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Biotransformation of Gallotannins From Fresh Fruit Juice of Emblica officinalis in In-vitro System



Snehal S. Patel and Ramesh K. Goyal
 
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ABSTRACT

Gallotannins, esters of carbohydrates or polyols with gallic acid present in fresh fruit juice of Emblica officinalis and has been found to be pharmacologically active. The knowledge of dietary intake of gallotannins and their bioaccessibility in gastrointestinal track are key factors in assessing their significance in human health. This study illustrates a biotransformation of gallotannins from fruit juice in gastrointestinal fluids and analysis of bioactive marker by rhodanine assay. Total gallic acid was determined by rhodanine assay from fruit juice of Emblica officinalis. Gastric juice and intestinal fluid caused hydrolysis of fruit juice during incubation for 8 h. The hydrolysis product from fruit juice was gallic acid. In vitro studies indicated that dissociation of gallic acid from ester complexes was apparent in both the fluid but gallotannins were rapidly hydrolyzed in gastric juice rather than intestinal fluid. Thus, our data suggest that hydrolysis of gallotannin in gastrointestinal fluid produced gallic acid which is possibly responsible for pharmacological effects.

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  How to cite this article:

Snehal S. Patel and Ramesh K. Goyal, 2013. Biotransformation of Gallotannins From Fresh Fruit Juice of Emblica officinalis in In-vitro System. Research Journal of Phytochemistry, 7: 18-23.

URL: https://scialert.net/abstract/?doi=rjphyto.2013.18.23
 
Received: June 27, 2012; Accepted: March 09, 2013; Published: June 29, 2013



INTRODUCTION

Gallotannins are polyphenolic compounds found in legumes, vegetables, fruits and beverages and are the most abundant antioxidants in our diets. Gallotannins were reported to possess multiple biological activities including anticancer, antioxidant, antiallergic, anti-inflammatory, antihyperglycaemic, lipid lowering and antimicrobial activities and their consumption may contribute to prevent stroke, cardiovascular heart disease, neurodegenerative diseases (Manach et al., 2005; Bhattacharya et al., 2002; Mathur et al., 1996; Patel and Goyal, 2011a).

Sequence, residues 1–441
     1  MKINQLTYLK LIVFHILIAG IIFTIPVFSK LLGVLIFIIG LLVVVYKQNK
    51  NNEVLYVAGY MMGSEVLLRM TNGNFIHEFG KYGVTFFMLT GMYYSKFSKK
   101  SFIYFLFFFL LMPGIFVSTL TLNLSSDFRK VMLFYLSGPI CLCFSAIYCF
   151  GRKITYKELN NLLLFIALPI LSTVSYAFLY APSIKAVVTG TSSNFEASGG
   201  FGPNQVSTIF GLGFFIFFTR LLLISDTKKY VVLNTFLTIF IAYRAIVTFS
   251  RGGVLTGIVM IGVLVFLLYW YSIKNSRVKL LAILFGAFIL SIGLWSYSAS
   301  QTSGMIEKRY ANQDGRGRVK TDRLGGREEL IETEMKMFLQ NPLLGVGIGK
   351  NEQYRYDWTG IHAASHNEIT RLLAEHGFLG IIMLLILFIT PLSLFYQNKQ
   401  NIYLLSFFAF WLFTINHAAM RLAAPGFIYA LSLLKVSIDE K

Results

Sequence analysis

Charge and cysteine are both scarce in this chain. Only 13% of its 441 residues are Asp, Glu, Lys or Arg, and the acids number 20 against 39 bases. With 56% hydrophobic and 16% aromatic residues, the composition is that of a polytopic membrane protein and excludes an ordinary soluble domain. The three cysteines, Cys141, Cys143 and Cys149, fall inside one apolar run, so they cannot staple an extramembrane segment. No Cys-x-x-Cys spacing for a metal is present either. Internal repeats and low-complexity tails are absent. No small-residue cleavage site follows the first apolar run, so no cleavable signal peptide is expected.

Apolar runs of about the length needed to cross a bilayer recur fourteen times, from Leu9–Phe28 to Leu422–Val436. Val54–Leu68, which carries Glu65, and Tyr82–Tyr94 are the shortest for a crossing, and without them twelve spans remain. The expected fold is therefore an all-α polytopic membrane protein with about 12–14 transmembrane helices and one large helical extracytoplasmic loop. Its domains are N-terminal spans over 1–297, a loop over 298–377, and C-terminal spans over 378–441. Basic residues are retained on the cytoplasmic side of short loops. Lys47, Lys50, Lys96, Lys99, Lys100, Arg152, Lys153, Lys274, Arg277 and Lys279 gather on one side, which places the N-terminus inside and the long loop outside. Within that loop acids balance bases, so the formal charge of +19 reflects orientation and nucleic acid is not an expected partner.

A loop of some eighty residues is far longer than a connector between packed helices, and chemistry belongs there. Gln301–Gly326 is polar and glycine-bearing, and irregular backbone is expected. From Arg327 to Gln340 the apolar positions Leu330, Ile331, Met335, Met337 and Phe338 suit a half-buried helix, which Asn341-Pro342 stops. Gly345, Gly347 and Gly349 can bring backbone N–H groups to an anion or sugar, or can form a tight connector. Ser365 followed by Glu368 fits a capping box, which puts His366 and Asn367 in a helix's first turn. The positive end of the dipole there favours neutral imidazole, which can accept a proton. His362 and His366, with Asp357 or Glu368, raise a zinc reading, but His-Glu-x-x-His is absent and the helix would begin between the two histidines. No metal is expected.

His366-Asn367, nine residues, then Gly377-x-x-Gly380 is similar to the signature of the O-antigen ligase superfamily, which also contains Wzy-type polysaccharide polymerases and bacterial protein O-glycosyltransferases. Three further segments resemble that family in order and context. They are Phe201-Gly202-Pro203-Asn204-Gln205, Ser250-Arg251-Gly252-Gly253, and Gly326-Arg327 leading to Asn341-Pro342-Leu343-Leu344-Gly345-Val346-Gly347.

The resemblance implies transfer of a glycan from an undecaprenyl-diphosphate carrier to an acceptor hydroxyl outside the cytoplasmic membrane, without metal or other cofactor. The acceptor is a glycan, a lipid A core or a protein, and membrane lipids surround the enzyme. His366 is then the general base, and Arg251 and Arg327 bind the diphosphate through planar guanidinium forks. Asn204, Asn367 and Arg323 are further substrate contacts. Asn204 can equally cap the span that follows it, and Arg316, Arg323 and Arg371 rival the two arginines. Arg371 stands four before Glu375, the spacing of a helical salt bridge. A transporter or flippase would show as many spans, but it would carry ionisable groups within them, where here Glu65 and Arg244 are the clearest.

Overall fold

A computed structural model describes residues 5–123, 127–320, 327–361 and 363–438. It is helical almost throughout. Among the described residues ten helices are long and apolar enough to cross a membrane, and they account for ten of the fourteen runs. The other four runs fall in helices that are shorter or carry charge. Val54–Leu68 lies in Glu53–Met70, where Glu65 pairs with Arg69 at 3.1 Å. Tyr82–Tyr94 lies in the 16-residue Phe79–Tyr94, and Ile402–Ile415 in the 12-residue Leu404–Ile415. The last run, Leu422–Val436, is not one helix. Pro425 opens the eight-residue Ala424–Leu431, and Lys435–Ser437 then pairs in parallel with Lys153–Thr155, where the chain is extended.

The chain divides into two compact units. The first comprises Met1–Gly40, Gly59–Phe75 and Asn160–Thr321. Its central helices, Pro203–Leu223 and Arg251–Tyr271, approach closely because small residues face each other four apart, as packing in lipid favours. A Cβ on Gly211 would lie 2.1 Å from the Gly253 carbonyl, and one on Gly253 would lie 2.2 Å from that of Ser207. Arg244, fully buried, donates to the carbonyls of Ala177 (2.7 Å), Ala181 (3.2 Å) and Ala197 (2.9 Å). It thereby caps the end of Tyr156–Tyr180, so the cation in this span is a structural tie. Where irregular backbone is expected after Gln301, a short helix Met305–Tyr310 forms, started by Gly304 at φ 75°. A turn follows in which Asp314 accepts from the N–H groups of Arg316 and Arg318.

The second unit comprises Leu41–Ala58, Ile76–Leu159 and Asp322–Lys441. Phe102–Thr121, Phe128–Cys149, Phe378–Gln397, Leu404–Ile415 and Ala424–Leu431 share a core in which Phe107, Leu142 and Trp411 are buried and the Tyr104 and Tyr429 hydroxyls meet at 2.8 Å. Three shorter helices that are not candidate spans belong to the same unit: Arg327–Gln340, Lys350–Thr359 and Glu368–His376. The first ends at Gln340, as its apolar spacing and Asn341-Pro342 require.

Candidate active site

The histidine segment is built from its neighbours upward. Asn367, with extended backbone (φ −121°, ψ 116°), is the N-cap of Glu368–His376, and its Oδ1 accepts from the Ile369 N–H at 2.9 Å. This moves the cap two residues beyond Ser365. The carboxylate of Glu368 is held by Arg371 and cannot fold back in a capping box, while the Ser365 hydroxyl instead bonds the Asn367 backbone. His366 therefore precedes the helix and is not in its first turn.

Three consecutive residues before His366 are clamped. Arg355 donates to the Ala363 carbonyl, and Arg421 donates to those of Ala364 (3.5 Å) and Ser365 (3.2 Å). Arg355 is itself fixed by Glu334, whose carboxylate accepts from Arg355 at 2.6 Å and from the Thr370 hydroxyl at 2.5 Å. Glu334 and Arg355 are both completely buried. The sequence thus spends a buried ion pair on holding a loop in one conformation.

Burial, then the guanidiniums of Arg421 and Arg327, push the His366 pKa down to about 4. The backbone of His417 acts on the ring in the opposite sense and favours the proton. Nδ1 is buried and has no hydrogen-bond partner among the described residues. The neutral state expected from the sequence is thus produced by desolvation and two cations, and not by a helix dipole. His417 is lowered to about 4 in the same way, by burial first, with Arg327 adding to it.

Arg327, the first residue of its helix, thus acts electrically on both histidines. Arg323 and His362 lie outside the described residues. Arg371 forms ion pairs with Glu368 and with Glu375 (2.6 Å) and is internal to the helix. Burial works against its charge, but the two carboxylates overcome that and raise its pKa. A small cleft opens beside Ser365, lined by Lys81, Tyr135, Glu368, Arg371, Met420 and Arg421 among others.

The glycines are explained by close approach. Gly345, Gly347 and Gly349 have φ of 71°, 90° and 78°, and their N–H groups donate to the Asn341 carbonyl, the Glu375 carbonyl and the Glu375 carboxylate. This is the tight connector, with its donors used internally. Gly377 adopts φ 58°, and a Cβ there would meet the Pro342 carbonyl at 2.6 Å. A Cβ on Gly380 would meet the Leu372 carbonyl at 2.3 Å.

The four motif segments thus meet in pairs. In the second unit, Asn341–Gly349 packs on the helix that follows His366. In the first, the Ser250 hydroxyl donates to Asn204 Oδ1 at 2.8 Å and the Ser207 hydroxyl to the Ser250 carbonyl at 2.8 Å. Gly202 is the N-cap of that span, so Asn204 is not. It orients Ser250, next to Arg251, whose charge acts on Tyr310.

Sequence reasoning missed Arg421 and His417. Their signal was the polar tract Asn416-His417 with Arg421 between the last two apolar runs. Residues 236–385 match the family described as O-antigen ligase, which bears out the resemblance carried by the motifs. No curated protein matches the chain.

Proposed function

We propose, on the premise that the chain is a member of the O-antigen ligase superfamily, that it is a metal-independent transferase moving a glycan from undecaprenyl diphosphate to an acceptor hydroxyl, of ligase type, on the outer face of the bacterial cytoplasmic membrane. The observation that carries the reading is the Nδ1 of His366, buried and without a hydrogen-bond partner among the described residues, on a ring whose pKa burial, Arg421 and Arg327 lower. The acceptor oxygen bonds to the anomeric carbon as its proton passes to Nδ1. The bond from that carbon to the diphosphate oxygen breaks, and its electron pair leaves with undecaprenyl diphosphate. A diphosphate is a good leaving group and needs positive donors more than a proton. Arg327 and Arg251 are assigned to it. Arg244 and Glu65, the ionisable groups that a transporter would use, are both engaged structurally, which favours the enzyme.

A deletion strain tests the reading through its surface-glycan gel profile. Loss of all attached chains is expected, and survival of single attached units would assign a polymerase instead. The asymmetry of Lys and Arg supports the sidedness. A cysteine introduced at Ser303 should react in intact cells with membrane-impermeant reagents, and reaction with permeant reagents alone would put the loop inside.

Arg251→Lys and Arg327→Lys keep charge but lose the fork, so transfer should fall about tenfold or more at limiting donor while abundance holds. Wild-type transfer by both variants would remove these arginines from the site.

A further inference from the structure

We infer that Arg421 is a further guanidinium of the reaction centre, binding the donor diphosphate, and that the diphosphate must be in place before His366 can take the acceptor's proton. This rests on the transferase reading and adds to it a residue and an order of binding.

Emblica officinalis Geart. (Family: Euphorbiaceae) commonly known as “Amla” or the Indian gooseberry, have been reported to contain constituents with variable biological activity. Phytochemical investigations of fruits of Emblica officinalis show that it is having high amount of polyphenol content like low and high molecular weight gallotannins such as L-malic acid 2-O-gallate, mucic acid 2-O-gallate, mucic acid, 1-O-galloyl-β-D-glucose, mucic acid 6-methyl ester 2-O-gallate, mucic acid 1,4- lactone 2-O-gallate, mucic acid 1-methyl ester 2-O-gallate, mucic acid 2-O-gallate, mucic acid 1,4-lactone 6-methyl ester 2-O-gallate, mucic acid 1,4-lactone 3-O-gallate, mucic acid 1,4-lactone 3,5-di-O-gallate, corilagin (Fig. 1) (Zhang et al., 2001; Kumaran and Karunakaran, 2006; Anila and Vijayalakshmi, 2002; Ghosal et al., 1996). Gallotannins present in number of medicinal plants reported to possess various pharmacological activities (Patel and Goyal, 2012; Rahman et al., 2009).

Image for - Biotransformation of Gallotannins From Fresh Fruit Juice of Emblica officinalis 
  in In-vitro System
Fig. 1: Structures of gallotannins from fruit juice of E. officinalis

The gallotannins are hydrolysable tannins which contain a central core of carbohydrates which are esterified by phenolic like gallic acid and, unlike condensed tannins are readily hydrolyzed by acids, bases, or certain enzymes (Salunkhe et al., 1989: White, 1957). On this basis, gallotannins is expected to be subject to degradation within the gut of mammals. Gallotannin which has esterified to gallic acid, is expected that, like other hydrolysable tannins, gallotannin will release those gallic acid residues in free form upon hydrolysis. On this basis, possible hydrolysis of gallotannin, resulting in the release of gallic acid, during incubation with gastrointestinal fluid, the present investigations was carried out in the simulated gastric and intestinal fluid and release of gallic acid residue in free form upon hydrolysis was determined by rhodanine assay. Despite many biological activities of gallotannins no data available for bioavailability of gallotannins from fruit juice in gastrointestinal tract. Thus aim of this present work was to estimate the amount of total gallotannin consumed in a fruit juice of Emblica officinalis and their gastrointestinal bioaccessibility.